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World Bank Hones Plan to Accelerate Progress in Africa

Emmanuel Ayomide Praise
 


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Two years ago, Africa seemed at a turning point.

Could it reverse a two-decade decline in economic and social progress? Could it end poverty and hunger in a decade?

The need to reduce poverty and speed up quality of life improvements in Africa will be on the agenda at the World Bank-International Monetary Fund Spring Meetings this week.

The World Bank’s key strategy for Africa—the three-year Africa Action Plan—is up for mid-term review April 15 at the Development Committee, the body that that advises the Boards of Governors of the Bank and the Fund on critical development issues.

While the Africa Action Plan has many successes from its first 18 months to report, it also acknowledges that if current trends continue, poverty in Africa will only fall to 37 percent by 2015—the target date for fulfilling the eight Millennium Development Goals that include eradicating severe poverty and hunger and achieving universal primary education.

With many countries at risk of being left behind, the Bank decided to amend its strategy to accelerate progress and work more effectively with countries and other development partners.

The result is a more focused and outcome-oriented plan that leverages the Bank Group’s strengths and seeks to improve the odds for all 48 African nations, says John Page, Chief Economist for the Bank’s Africa region.

Page says the revised plan does not affect the Bank’s traditional focus of working one-on-one with countries. Nor does it change the amount of financing each country receives from the International Development Association (IDA), the arm of the World Bank that provides zero-interest loans and grants and 90 percent of the Bank’s financing for Africa.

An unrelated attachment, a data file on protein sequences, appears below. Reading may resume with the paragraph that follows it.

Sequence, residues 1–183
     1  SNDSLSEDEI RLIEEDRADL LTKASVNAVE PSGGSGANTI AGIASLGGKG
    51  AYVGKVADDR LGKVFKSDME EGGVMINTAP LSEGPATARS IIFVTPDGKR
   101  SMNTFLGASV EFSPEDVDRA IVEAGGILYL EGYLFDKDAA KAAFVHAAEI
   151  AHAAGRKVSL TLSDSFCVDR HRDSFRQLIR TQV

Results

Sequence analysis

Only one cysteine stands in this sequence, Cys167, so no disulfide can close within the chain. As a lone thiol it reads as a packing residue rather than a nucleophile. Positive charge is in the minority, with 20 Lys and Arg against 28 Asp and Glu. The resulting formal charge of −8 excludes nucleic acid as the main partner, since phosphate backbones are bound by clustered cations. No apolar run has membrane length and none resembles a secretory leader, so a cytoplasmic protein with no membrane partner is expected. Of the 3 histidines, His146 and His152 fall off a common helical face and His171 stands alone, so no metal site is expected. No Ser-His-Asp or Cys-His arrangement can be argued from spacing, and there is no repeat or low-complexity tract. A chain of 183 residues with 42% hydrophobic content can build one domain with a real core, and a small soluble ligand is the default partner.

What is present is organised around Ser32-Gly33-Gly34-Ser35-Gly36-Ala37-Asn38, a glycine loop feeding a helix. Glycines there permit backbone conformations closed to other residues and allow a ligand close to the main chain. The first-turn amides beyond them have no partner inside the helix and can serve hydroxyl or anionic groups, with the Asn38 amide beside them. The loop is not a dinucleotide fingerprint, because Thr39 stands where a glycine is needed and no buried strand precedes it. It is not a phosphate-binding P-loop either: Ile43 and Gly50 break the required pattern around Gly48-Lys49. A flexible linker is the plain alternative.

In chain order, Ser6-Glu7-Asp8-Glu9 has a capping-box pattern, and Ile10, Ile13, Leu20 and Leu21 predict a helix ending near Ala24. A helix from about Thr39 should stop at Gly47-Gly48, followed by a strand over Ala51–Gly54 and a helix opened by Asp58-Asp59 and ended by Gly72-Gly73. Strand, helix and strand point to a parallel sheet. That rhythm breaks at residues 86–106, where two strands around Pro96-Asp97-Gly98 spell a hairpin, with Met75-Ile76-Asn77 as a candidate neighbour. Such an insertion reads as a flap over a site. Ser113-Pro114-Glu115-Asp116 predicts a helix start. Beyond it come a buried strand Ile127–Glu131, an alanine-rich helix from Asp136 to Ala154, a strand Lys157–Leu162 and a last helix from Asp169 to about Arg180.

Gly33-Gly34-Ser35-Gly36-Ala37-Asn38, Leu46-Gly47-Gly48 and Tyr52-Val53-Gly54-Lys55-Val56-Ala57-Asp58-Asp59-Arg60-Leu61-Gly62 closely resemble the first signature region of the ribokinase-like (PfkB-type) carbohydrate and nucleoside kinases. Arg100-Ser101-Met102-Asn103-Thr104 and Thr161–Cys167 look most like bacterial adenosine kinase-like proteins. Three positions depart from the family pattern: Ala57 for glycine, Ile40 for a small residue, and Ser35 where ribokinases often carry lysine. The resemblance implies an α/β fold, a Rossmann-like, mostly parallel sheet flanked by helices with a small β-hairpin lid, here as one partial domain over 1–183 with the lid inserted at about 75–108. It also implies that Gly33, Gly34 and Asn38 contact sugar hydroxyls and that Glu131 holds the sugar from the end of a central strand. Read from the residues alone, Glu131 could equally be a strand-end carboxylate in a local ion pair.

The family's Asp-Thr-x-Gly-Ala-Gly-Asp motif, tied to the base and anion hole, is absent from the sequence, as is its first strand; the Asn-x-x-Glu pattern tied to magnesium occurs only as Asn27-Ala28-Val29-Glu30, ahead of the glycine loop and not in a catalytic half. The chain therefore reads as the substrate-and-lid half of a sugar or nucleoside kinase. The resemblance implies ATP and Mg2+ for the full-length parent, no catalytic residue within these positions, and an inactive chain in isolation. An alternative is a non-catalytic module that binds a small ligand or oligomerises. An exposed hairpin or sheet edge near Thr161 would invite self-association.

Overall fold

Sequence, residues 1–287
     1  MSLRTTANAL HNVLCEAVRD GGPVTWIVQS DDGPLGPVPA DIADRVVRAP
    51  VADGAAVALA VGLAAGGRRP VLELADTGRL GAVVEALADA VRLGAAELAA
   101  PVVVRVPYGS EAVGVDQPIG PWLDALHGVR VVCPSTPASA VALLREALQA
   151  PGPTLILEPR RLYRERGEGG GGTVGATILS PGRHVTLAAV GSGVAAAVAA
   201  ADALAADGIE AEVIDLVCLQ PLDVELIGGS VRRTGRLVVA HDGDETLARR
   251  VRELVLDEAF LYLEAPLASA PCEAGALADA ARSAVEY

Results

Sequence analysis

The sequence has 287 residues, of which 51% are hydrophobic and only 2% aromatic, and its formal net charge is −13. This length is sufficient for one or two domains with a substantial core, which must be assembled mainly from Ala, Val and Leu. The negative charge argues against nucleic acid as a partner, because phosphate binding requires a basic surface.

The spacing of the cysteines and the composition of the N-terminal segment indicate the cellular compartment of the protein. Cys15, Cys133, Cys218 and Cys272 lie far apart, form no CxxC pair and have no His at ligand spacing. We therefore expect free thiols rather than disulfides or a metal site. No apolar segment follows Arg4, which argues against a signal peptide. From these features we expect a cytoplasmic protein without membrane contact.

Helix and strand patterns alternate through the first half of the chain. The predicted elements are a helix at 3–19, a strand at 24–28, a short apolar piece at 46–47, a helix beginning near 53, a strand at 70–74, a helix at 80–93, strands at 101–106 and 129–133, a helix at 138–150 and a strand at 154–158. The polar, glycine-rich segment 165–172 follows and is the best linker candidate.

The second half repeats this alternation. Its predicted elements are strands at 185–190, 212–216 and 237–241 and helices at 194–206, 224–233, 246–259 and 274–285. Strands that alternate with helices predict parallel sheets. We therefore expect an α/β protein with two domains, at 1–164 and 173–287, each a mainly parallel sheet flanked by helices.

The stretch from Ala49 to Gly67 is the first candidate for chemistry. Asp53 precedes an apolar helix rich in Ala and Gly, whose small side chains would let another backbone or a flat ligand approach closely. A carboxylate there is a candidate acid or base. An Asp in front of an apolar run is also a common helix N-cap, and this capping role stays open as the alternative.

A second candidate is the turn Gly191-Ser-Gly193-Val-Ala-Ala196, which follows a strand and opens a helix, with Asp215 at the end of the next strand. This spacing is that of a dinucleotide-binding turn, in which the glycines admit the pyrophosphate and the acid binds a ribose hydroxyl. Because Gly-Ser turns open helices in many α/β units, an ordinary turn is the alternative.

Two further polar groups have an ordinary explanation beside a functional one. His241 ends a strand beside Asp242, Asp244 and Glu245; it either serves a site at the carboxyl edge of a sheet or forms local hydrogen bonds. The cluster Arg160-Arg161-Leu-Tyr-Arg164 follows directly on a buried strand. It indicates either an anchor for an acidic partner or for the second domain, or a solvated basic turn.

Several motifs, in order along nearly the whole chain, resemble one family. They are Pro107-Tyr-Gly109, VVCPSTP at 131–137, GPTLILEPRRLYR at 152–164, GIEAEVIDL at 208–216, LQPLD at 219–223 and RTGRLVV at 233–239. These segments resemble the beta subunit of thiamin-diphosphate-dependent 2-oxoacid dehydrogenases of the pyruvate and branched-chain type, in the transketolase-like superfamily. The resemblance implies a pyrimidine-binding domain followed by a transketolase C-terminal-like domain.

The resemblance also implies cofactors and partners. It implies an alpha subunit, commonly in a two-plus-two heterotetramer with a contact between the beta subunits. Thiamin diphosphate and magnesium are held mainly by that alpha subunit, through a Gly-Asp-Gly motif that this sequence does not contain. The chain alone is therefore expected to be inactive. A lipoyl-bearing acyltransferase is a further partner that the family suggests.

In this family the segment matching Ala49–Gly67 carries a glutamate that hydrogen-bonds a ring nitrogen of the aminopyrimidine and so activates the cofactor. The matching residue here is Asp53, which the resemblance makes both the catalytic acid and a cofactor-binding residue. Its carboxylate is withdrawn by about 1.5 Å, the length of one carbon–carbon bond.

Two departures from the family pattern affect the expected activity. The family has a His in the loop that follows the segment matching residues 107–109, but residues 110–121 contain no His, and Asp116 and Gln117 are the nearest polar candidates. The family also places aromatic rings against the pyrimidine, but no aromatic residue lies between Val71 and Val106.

But an assessment of the action plan, first approved in September 2005, revealed it was “too wide ranging. " As a result it has been pared down from 14 focus areas to eight that now include:

Strengthen the African private sector
Increase the economic empowerment of women
Build skills for competitiveness in the global economy
Raise agricultural productivity
Improve access to and reliability of clean energy
Expand and upgrade road networks and transit corridors
Increase access to safe water and sanitation
Strengthen national health systems and combat malaria and HIV/AIDS

Each area was carefully selected for maximum impact in working toward achieving the MDGs and complementing the work of development partners such as the African Development Bank, United Nations, individual country donors, and foundations.

“We wanted to see what we could do as the Bank group to be the most helpful, " says Page. “In each case, we tried to give thought to what the Bank’s core competencies are, relative to other partners, in order to get the development outcomes that we need. "

The changes reflect a continuing effort “to position the Bank strategically to be most useful as a member of the development partnership in supporting growth and attainment of the MDGs in Africa, " he says.

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